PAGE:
It’s well-documented that I’m a huge, hopeless music geek, and I love lists. So even though I spent three pages in The Bulletin’s GO! Magazine pontificating about my favorite records of 2011, I still can’t resist the urge to (A) rank them, and (B) get them all in one place online. So here we are.
Below, find my best effort at a list of my 50 favorite records of the past year, with a few words about several of them. For some, you’ll see no words where it looks like there should be words, and maybe I’ll fill those in sometime, but for now, I’m all typed out.
Anyway, I hope you enjoy. Thanks for reading. And truly: I could talk about this kind of stuff all day, and would love to hear from you in the comments!
50. Holcombe Waller, “Into the Dark Unknown” (Napoleon)
49. White Fence, “Is Growing Faith” (Woodsist)
48. Wilco, “The Whole Love” (dBpm)
47. Telekinesis, “12 Desperate Straight Lines” (Merge)
46. Chris Thile & Michael Daves, “Sleep With One Eye Open” (Nonesuch)
45. The Very Best, “Super Mom” (self-released)
44. Mogwai, “Hardcore Will Never Die, But You Will” (Subpop)
43. Jonny, “Jonny” (Merge)
42. Gui Boratto, “III” (Kompakt)
41. Ryan Adams, “Ashes & Fire” (Pax Am)
40. Grails, “Deep Politics” (Temporary Residence)
39. Beyonce, “4” (Columbia)
38. The Felice Brothers, “Celebration, Florida” (Fat Possum)
37. Das Racist, “Relax” (Greedhead)
36. Jovontaes, “Things Are Different Here” (Hello Sunshine)
35. Big K.R.I.T., “Return of 4Eva” (self-released)
34. Veronica Falls, “Veronica Falls” (Slumberland)
33. Real Estate, “Days” (Domino)
32. Wooden Shjips, “West” (Thrill Jockey)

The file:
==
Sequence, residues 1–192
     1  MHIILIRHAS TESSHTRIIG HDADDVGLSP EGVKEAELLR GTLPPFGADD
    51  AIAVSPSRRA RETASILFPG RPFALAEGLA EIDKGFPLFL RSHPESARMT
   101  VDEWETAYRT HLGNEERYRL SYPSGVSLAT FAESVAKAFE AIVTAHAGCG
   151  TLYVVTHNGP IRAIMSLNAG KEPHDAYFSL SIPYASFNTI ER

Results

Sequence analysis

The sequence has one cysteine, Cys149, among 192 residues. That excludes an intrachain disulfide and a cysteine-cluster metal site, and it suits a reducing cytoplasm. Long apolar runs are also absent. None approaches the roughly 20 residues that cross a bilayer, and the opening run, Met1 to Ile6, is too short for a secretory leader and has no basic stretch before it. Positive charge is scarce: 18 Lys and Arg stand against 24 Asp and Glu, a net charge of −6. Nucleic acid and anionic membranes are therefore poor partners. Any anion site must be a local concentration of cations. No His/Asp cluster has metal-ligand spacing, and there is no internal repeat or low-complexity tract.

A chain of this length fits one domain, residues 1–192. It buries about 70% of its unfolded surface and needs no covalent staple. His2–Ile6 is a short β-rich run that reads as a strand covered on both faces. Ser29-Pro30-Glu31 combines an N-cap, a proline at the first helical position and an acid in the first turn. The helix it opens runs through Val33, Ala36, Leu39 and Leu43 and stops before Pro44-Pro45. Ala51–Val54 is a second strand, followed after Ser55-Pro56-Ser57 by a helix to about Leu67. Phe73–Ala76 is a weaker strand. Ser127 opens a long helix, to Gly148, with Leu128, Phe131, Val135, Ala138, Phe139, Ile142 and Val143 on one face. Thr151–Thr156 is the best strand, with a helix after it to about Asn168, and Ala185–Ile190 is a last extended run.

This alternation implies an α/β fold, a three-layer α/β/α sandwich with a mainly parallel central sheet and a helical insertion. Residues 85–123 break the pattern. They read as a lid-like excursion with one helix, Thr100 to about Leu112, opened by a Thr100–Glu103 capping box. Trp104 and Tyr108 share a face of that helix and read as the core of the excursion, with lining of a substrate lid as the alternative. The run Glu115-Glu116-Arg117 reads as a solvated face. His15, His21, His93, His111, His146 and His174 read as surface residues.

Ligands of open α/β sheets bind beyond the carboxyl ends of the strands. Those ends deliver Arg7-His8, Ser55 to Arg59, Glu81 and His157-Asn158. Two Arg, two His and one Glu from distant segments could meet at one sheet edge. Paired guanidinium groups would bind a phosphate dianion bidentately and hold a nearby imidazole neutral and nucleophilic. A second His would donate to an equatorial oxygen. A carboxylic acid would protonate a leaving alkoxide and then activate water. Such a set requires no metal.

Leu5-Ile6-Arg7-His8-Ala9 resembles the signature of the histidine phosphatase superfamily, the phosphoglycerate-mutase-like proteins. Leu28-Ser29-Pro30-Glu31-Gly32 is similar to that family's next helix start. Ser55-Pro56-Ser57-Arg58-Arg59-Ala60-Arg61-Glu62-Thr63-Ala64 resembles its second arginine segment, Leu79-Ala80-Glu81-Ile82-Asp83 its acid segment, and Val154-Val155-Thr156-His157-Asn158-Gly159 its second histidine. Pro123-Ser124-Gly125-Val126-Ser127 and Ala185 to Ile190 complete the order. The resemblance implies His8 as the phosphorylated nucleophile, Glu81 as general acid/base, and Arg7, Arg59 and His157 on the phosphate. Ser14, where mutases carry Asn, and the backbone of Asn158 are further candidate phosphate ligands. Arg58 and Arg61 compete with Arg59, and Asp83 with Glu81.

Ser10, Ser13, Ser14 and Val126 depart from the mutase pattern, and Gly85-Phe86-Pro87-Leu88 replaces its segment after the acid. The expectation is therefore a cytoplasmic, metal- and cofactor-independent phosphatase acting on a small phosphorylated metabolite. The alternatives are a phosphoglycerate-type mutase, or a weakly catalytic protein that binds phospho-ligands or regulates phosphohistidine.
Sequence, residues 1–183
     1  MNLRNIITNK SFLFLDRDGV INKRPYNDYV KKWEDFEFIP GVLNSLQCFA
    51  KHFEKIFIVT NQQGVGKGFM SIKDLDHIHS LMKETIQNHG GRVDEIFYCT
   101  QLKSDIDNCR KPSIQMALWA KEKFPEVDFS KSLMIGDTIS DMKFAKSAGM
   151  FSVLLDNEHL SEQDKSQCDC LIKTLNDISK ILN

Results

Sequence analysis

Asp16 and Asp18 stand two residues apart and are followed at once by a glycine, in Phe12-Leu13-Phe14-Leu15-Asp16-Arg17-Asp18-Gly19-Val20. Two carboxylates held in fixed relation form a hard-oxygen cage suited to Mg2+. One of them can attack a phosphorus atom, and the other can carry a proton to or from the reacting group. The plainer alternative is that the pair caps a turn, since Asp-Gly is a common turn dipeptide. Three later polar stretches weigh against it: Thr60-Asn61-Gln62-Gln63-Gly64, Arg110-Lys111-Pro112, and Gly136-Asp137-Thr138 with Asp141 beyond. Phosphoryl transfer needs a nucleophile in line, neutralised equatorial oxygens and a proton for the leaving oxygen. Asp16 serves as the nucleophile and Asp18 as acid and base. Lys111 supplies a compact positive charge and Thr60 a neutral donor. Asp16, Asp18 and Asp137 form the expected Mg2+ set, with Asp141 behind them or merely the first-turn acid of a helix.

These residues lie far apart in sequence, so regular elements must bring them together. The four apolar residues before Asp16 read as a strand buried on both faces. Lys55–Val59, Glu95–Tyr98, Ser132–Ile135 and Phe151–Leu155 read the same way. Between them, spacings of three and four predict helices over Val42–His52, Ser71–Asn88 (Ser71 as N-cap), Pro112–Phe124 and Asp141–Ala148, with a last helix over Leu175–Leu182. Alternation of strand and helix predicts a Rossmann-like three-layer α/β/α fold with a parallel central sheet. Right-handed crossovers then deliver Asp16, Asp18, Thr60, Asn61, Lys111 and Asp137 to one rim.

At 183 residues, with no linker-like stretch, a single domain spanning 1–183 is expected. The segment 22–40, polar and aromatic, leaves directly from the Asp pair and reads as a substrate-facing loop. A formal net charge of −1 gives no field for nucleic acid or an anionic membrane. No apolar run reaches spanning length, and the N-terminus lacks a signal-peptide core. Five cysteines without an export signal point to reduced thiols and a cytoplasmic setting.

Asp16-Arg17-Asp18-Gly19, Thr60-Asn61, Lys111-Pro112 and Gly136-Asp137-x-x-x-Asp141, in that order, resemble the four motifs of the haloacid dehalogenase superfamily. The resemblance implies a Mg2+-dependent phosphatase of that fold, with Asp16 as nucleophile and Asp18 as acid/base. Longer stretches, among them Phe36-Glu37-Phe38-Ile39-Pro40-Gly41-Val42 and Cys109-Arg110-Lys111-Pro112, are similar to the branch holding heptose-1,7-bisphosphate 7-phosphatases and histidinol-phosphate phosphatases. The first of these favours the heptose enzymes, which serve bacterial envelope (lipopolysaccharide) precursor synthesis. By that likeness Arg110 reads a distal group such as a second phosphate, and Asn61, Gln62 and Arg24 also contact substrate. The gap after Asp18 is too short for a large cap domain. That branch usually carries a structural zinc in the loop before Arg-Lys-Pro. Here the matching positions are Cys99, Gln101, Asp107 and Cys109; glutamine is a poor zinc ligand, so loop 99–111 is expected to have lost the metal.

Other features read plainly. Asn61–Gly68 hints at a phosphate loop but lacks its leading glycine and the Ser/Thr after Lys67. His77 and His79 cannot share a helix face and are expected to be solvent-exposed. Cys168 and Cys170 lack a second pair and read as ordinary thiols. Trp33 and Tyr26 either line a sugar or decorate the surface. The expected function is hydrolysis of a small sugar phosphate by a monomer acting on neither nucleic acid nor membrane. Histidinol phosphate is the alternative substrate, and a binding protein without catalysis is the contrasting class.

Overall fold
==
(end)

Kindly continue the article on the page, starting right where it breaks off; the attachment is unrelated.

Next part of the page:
31. Givers, “In Light” (Glassnote)
30. Clams Casino, “Instrumentals” (self-released)
As underground hip-hop’s current “it” producer, Mike Volpe is the man behind the syrupy sound of Lil B, A$AP Rocky and other rappers du jour. But on this free mixtape (and his “Rainforest” EP), those guys are nowhere to be found, giving Volpe’s ambling beats and blurry samples space to unfold in slow motion and mushroom into the staticky sky.
29. Com Truise, “Galactic Melt” (Ghostly International)
28. Tim Hecker, “Ravedeath 1972″ (Kranky)
Canadian ambient adventurer Tim Hecker’s 2011 album is a sonic monument to the quickening battle between warm, organic lifeblood — music — and the cold, digital sheen that envelops it more completely every day. At first listen, “Ravedeath” is a rippling wash of synthesized noise, sometimes sublime, sometimes harsh. But beneath the studio effects lives an Icelandic church organ that swells and sighs proudly and beautifully, as if trapped under ice and fighting to breathe.
27. Apex Manor, “The Year of Magical Drinking” (Merge)
26. Serengeti, “Family & Friends” (anticon.)
Buzzy and a bit bent, Serengeti’s introspective, observational rap style and warm, poppy beats fly in the face of hip-hop conventions: They feel like a welcoming hug and a long, deep conversation.